The two big points made were;
- The retirement of 76 million baby boomers is the most important demographic trend of our lifetime; a seismic shift
- Dividend-paying stocks will outperform growth stocks for the rest of your investing life
However I would think trends that effect 800 million to 1 billion people might be much, much more important; here I am talking about China and India. If you add up the populations of some of the N-11 you get another half a billion people that will gravitate to the same types of trends but maybe on a slightly different time table. In the spirit of Nigel Tufnel; 2.5 billion is more than 76 million.
This is not to say that investing around boomer trends won't be the right thing to do and won't be successful but don't lose sight of other big trends going on in the world.
As to the second point about dividend stocks outperforming growth; hasn't that always been the case over long periods of time? Value (implying stocks that pay dividends) beats growth more often than not. The point made in the article is that boomers will seek out dividends to contribute their income stream which makes sense and I am a believer in dividends to be sure but I would file Mr. Band's comments along these lines under this is how the market usually works.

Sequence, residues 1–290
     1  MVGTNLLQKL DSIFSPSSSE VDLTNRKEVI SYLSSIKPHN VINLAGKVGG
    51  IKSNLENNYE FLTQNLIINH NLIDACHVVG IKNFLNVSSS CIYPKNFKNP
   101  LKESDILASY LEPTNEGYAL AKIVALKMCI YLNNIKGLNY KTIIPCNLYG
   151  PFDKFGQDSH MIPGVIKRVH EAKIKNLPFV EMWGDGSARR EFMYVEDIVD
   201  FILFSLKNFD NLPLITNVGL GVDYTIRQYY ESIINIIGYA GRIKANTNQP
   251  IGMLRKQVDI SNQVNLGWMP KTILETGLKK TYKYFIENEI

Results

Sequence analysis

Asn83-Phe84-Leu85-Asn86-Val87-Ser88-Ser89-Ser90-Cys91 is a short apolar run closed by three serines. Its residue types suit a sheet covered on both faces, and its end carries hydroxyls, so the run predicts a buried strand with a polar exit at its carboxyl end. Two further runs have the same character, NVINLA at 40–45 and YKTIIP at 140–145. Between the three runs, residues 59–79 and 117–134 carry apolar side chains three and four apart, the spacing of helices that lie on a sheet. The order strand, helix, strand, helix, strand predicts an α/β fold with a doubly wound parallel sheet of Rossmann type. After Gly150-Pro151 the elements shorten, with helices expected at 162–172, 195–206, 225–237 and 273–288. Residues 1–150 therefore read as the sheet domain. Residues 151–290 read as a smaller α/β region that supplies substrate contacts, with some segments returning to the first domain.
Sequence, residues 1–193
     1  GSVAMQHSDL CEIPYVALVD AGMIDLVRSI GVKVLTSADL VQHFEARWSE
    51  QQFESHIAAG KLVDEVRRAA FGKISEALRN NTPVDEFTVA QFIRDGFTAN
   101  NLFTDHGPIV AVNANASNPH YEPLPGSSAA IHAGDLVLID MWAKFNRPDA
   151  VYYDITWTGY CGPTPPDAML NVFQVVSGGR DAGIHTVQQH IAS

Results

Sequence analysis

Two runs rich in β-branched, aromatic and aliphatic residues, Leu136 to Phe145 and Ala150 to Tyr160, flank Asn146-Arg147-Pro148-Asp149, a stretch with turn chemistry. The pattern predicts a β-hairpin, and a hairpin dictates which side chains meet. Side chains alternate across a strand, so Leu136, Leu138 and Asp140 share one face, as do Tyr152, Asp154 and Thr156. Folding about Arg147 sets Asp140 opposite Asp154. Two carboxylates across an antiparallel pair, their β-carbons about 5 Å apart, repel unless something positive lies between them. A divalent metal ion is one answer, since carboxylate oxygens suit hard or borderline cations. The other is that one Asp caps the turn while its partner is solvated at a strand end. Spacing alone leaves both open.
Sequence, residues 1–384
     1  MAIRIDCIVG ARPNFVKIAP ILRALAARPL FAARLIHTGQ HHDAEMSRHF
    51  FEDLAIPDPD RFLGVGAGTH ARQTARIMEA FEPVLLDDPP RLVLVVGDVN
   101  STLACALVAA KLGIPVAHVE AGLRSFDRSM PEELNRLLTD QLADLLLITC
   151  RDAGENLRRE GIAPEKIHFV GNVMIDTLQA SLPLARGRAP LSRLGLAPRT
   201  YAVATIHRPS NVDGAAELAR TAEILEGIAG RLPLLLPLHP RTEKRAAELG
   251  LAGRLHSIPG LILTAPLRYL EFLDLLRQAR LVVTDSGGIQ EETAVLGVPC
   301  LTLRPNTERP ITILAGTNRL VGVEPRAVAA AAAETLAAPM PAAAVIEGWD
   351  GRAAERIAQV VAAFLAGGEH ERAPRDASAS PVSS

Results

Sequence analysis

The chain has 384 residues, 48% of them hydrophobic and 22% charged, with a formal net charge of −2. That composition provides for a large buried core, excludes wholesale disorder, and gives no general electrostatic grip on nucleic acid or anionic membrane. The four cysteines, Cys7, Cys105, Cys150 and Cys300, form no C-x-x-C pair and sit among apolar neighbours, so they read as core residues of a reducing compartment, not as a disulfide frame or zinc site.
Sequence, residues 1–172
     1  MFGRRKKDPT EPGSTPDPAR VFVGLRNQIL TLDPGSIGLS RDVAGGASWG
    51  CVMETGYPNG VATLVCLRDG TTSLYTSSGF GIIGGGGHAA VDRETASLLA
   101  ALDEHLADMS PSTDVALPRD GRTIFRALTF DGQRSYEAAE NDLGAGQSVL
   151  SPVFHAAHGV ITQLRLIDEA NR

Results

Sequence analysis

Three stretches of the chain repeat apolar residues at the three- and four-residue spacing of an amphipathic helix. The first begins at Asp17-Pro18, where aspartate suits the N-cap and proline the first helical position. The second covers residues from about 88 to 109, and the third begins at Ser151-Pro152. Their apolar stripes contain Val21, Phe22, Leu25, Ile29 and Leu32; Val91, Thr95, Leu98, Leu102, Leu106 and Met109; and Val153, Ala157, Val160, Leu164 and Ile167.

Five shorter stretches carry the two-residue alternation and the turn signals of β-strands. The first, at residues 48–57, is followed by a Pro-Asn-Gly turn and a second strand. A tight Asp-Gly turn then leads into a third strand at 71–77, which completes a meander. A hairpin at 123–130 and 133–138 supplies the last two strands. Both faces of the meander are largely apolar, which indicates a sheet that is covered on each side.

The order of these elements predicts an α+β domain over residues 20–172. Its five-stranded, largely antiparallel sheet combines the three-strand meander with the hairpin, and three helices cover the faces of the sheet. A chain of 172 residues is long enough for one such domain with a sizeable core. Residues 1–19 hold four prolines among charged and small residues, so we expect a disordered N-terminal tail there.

There is one thing that I think is important to add here; the retirement of the boomers followed by their entitlement payments stands to be a colossal problem. There is too much spin and data mining for me to know when social security will really start to crap out but we have a big problem there. Then don't we have a bigger problem with Medicare at some point for these folks?
These things should be very troubling for all of and offer several very scary outcomes. For now though this is all far enough down the road that the US capital markets can go through at least a couple of complete cycles before this starts to cause visible damage. I'll cover this in depth during the 2020 presidential election season (humor attempt).
For people younger than 50, which includes me, I would suggest saving as much as possible, live below your means, open an HSA account but don't tap it to pay medical bills, make your car last for at least ten years and see to it that your portfolio is globally oriented.
The point is not to scare anyone or be a fear monger. This is something that could hurt us in the future. If this does not pan out negatively well, no problem but we need to learn and study what can go wrong not what can go right.